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Avara Foods

Poultry giant Avara Foods has formally pledged to reduce direct emissions by 46% by 2030, as part of its wider ambition of reaching net zero by 2040.

The commitment to reduce its scope 1 and 2 direct emissions (against a 2019 baseline) are approved by the Science Based Targets initiative and are in line with the body’s efforts to limit global warming to 1.5 degrees higher than pre-industrial levels by 2030.

Avara has also committed to a 28% reduction of scope 3 emissions across its up and down-stream supply chain by the same date. Those emissions account for 95% of its carbon footprint.

The move comes ahead of the UK’s hosting of the Cop26 climate change conference in Glasgow next month.

“Setting science-based targets is really important to us, because any commitment to net zero feels empty without them,” said Avara people and communications director Andrew Brodie.

“Adopting and pursuing robust, science-led targets, not only makes our intention clear, it gives us a clear line of sight to our goal and helps others hold us to account.”

In the short term, Avara will focus on reducing its footprint through decarbonisation across its operations, while recycling and capture technologies, which it pointed out were “outside our control”, were developed for use in the longer term.

It said it had already achieved a 56% reduction in Scope 1 and 2 carbon emissions between 2015 and 2020, and had completed an analysis of its wider supply chain,  enabling it to set “ambitious” scope 3 targets.

Avara added actions were already underway to meet its targets, focusing on investment in new technology and automation to drive productivity and improve energy efficiency. New packaging, launched with retailers earlier this year, had also reduced plastic use by around 50% across a wide range of products, with the potential to extend it further.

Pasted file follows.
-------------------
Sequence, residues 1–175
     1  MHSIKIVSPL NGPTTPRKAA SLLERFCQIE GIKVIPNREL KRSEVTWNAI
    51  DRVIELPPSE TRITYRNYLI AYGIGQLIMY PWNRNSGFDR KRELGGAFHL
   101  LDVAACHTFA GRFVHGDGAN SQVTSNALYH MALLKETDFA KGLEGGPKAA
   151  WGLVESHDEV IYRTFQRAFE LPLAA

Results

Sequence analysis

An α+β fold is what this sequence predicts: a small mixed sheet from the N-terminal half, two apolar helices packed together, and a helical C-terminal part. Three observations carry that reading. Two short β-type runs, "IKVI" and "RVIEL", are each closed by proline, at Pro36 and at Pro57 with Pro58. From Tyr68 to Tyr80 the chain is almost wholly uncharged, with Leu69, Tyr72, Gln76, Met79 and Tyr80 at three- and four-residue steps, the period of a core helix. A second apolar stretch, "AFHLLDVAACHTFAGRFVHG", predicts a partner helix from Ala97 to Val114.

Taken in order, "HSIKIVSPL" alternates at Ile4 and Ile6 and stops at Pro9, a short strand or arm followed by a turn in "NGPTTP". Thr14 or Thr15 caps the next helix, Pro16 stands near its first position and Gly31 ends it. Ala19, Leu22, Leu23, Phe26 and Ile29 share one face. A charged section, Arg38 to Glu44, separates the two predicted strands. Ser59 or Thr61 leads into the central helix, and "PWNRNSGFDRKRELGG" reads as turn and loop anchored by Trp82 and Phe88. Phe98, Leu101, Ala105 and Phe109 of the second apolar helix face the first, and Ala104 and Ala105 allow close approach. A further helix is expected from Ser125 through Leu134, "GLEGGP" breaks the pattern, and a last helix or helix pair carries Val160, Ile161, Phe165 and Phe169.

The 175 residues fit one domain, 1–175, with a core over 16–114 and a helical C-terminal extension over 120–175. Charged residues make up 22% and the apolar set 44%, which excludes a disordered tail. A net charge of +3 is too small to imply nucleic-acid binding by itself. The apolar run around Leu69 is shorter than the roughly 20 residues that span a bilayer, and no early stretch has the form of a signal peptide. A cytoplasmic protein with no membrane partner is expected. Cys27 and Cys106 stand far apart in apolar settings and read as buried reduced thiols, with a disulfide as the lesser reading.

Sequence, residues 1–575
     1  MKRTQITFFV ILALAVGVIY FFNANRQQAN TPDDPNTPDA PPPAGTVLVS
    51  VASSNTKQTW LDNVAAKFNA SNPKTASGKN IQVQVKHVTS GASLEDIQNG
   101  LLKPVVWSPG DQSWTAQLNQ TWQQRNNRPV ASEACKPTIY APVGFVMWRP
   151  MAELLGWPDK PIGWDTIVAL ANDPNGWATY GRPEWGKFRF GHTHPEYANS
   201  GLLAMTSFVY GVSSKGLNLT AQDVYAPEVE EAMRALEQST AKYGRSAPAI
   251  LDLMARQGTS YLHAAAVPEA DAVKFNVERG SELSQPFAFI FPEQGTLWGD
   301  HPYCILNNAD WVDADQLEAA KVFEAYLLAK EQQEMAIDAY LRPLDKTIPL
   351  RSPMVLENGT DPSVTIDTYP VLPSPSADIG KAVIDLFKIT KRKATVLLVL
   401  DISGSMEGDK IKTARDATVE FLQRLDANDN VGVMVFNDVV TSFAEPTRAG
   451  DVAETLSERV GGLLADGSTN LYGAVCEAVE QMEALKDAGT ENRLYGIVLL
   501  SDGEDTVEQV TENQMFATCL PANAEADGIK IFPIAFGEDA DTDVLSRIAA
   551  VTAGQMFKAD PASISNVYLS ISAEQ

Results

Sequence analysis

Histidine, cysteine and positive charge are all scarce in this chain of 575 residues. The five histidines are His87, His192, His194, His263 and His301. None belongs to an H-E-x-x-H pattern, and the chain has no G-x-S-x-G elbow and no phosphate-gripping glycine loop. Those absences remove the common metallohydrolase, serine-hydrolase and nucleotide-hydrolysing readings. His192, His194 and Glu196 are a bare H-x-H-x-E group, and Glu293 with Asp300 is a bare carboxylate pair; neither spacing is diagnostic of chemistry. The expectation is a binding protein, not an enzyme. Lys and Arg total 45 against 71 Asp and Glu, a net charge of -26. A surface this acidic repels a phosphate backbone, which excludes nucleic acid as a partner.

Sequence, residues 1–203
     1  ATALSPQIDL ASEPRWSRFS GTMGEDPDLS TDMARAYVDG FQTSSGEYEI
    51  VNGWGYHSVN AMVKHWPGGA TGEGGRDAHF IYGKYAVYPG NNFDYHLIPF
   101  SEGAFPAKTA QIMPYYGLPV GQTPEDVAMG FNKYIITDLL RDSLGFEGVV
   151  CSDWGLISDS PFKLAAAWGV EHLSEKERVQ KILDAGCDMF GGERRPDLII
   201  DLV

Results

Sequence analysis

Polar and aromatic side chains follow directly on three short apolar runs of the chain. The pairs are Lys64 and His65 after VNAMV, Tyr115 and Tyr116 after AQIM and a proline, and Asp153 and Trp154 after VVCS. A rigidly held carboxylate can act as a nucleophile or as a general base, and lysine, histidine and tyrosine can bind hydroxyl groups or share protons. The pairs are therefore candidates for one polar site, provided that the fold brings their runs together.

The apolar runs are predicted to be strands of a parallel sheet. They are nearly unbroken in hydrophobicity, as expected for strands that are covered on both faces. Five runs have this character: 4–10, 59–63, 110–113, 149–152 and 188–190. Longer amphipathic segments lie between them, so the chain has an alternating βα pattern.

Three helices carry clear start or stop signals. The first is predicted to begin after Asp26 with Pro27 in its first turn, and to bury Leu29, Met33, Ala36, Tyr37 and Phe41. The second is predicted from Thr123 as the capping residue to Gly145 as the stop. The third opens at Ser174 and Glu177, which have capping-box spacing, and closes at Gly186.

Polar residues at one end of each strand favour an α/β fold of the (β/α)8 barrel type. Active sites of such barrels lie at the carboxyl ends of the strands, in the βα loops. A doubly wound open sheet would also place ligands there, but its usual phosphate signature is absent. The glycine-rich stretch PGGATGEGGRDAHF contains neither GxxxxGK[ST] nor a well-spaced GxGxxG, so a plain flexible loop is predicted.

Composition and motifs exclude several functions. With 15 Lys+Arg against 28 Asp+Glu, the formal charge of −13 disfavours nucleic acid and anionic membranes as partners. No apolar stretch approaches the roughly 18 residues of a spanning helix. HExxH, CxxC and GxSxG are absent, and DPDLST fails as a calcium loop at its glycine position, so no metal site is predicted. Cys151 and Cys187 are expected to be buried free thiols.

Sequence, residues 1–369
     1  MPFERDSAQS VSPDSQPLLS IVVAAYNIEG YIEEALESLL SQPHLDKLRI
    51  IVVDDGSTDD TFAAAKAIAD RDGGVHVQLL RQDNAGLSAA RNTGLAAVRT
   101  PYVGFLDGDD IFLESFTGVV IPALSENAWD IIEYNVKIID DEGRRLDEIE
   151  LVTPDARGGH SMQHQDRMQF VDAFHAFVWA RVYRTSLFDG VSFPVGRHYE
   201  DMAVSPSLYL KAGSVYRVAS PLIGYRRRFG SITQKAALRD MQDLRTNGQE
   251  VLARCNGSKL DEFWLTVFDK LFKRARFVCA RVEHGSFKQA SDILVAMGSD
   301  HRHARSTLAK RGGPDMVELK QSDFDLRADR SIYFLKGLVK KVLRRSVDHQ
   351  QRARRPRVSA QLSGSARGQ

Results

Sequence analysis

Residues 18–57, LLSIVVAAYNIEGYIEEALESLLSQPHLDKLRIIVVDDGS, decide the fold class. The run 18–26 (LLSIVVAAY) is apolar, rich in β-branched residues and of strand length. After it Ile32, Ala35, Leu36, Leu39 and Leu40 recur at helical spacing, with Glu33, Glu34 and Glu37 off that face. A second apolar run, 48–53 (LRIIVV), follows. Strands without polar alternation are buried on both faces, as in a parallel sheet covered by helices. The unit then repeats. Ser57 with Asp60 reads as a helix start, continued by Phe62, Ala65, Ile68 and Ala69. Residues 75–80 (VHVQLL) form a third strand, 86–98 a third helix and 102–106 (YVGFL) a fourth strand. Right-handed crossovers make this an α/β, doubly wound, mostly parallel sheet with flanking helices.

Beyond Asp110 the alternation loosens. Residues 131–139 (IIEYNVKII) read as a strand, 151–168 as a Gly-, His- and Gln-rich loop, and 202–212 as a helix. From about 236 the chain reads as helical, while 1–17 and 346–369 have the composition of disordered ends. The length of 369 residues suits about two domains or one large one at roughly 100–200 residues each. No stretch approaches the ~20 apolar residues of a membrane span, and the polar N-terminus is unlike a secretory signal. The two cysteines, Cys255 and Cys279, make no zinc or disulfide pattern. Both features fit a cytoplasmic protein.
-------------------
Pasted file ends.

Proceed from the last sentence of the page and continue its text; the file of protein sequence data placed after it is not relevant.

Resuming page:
“Mapping our scope 3 emissions has been a huge piece of work but absolutely vital. Science and data are at the heart of our carbon reduction plans, because without comprehensive data – which we continue to refine – how can you be sure you’re making a difference?” said Avara sustainability lead Emily Phelps.

Avara’s commitment to science-based targets is part of a broader responsible business agenda, recently re-branded as ‘For Good’. Covering its commitments to people, animals, consumers and communities, as well as the planet, ‘For Good’ was a new way of explaining how Avara conducts business, said CEO Andy Dawkins.

“[Being a responsible, sustainable business] is implicit within our values, and something that the whole team at Avara expect us to live and breathe. This brand helps us explain what’s important to us, how various issues interact with each other, and reminds everyone that this is a permanent fixture in our business.”

Avara this week also announced a £4.7m investment in a new factory at its Wednesbury site, creating 150 new jobs. The new facility will be technology-led, with automated processes to reduce the number of manual and repetitive tasks.

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